Rear Turret Mount Shim For Dovetail
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Thread: Rear Turret Mount Shim For Dovetail

  1. #1
    Join Date
    Dec 1969
    Location
    Jacksonville, North Carolina
    Posts
    160

    Default Rear Turret Mount Shim For Dovetail

    I'm shooting a K98 with Accumount high turret mounts for a vintage Weaver K4 scope and am really impressed with the quality and function of that fine piece of gear. I am ,however, stumped by how to properly install the shim for the rear dovetail. I recently shot a local match with it and noticed, through the hole through the the base, that the screw holding the shim to the rear mount base dovetail was working loose. That shim was tricky to get the mount assembled in the first place. If screwed tightly into place the upper part of the mount will not slide onto the dovetail. The screw must be slightly loose for it to slide on and install correctly. If screwed down tightly (maybe locktite, too) after the top is on the dovetail then doesn't that lock the upper part of the mount to the lower part not allowing the scope to be swiveled forward on the turret to be removed?
    Trying to contact AccuMounts with questions has been a waste of time and I've not found any instructions for installation and use of a high turret mount. Can anyone here give me any info about correct installation of this shim?
    Thank you.

  2. #2
    Join Date
    Jun 2008
    Location
    Northern Ohio
    Posts
    131

    Default

    That shim , as you call it is really a spring to hold the rear mount down on the rear base. The germans ground the loaded side of the spring with a slight bevel to alow the rear base to start sliding over it. It does have to be screwd down tightly so that it does not shoot loose.

  3. #3
    Join Date
    Dec 1969
    Location
    Jacksonville, North Carolina
    Posts
    160

    Default

    Great info. I would have never thought that "shim" to be a flat spring. Mine hasn't any curvature and I can't see how it would exert any spring pressure from the base, where it's screwed down, to the upper piece (the mount). Just like you mentioned above, the mount is making contact with the edge of the screwed down flat spring preventing it from sliding onto the dovetail completely. I'll do like the Germans and put a slight bevel on it. Even without it there is very little play between the base and mount..barely perceptible moving the rear of the scope up and down with the thump latch unlocked. With the latch locked there is no perceptible movement without that spring.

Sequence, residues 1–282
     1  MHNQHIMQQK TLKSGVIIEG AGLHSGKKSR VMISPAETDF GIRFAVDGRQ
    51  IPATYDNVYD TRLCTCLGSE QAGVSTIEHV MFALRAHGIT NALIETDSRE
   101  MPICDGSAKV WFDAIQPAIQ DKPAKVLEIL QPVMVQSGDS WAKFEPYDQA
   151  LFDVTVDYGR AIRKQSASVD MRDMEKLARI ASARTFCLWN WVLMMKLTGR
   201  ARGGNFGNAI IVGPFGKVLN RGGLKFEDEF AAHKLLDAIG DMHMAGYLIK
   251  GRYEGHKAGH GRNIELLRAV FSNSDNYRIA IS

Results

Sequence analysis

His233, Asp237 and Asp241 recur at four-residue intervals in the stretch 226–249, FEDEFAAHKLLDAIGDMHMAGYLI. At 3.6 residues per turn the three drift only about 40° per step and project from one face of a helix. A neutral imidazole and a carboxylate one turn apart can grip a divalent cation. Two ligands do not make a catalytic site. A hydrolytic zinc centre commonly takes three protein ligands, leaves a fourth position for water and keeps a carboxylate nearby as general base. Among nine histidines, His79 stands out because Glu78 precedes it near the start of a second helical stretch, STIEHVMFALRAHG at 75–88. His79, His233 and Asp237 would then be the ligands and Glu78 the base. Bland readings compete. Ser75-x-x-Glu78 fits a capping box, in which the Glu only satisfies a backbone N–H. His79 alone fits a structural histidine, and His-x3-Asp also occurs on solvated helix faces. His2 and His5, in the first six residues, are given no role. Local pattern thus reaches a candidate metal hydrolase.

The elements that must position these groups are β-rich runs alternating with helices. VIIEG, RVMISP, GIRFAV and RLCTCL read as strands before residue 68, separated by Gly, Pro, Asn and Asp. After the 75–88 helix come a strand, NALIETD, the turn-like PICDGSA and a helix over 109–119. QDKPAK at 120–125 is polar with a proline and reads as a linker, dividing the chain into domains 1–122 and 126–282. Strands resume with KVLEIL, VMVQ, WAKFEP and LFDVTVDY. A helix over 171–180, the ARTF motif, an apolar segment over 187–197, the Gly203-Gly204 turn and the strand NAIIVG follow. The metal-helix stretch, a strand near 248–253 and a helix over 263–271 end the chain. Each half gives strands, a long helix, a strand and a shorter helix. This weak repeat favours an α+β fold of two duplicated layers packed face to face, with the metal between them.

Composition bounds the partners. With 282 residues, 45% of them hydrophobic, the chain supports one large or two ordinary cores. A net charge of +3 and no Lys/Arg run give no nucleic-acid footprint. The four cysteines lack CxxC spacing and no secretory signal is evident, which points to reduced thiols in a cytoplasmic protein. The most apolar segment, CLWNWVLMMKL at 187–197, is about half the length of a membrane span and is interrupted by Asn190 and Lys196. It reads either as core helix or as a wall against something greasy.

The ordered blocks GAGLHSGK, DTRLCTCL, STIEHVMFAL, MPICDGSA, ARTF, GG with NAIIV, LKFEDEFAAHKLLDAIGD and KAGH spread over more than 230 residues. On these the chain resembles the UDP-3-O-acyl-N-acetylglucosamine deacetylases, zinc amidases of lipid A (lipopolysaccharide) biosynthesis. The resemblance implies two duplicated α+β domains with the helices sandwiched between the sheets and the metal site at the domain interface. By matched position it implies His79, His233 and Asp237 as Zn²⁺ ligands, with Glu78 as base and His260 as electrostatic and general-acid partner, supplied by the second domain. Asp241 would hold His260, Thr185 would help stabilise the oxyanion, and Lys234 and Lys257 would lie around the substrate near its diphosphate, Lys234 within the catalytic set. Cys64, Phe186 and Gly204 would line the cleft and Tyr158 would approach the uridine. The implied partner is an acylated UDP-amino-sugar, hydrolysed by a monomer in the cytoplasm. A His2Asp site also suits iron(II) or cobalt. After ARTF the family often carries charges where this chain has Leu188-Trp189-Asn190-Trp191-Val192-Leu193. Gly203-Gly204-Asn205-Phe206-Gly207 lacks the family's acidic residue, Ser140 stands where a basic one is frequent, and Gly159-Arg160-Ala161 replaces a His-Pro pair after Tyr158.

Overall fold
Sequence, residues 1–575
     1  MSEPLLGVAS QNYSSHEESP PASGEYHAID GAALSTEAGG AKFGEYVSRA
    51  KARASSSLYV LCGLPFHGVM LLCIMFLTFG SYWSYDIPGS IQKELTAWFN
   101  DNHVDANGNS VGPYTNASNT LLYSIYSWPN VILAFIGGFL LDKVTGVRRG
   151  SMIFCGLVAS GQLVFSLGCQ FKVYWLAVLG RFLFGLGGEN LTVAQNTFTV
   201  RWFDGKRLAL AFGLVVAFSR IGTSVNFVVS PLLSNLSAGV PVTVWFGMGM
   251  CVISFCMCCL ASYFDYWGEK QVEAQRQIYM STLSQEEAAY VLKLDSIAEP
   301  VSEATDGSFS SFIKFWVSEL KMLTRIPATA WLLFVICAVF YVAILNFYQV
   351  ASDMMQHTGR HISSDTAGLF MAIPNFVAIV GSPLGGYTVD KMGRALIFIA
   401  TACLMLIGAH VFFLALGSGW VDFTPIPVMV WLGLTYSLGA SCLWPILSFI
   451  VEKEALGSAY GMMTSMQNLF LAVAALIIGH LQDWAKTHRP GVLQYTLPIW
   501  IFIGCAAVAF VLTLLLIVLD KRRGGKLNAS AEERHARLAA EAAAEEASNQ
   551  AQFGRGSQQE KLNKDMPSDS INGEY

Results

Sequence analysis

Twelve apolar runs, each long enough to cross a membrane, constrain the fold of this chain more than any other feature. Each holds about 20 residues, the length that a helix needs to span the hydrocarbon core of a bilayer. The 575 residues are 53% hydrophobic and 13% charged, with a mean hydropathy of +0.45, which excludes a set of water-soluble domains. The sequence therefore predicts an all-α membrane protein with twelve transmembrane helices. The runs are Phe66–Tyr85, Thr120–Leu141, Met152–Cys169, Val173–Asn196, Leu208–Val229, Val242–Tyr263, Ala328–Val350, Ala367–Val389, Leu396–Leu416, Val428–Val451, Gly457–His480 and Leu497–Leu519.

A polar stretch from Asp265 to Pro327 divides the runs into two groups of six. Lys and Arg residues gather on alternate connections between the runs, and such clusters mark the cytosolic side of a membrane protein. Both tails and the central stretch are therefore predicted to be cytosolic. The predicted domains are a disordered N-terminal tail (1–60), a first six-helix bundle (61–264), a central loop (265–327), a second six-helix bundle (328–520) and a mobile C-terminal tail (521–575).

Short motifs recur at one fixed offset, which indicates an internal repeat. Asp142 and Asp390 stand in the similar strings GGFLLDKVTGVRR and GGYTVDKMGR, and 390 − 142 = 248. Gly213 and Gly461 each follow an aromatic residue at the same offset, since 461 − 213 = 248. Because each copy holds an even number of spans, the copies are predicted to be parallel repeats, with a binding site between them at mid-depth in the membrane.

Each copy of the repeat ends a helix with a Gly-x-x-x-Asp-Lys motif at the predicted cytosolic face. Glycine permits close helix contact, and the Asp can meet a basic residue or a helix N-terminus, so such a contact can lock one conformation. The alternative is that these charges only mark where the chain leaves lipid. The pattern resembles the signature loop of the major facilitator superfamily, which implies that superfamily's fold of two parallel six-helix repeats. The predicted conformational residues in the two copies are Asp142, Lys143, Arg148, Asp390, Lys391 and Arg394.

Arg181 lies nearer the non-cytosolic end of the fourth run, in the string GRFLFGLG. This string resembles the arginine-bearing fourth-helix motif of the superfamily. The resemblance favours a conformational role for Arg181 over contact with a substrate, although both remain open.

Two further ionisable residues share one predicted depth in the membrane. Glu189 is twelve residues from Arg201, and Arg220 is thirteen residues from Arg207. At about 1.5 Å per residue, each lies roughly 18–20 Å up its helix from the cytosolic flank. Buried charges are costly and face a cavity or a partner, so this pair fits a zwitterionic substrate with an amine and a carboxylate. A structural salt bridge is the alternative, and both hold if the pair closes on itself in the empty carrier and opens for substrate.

I'm familiar with Redfield Jr mounts which have a similar system of a rotating front and windage adjustable rear and that mount doesn't have such a spring. Also thinking about all the tiny set screw to hold the larger stop screw on the right rear mount makes me thing those Germans maybe over engineered these turret mounts. That's probably why I like it so much. It's a very cool piece of gear.

    Thank you very much for that information and if you have any links to more info about installation/operation of the turret mount please let me know.

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  5. #4
    Join Date
    Dec 1969
    Location
    Jacksonville, North Carolina
    Posts
    160

    Default

    dgill120 got me on the right track with the info about flat spring and bevel and I was able to get it correctly installed, screwed down tightly into the mount base. The problem was that the bottom edge of the dovetail in the upper mount would make hard contact with the sharp square edge of the flat spring/shim and stop the mount short of alignment against the stop screw. A few minutes with a jewelers file beveling the bottom edge that first makes contact with the upper mount dovetail allowed for full travel against the stop screw.
    I'm still searching for more information about installation and operation of these turret mounts (arcane art of installation of vintage Weaver side mounts (like shimming for initial windage), too

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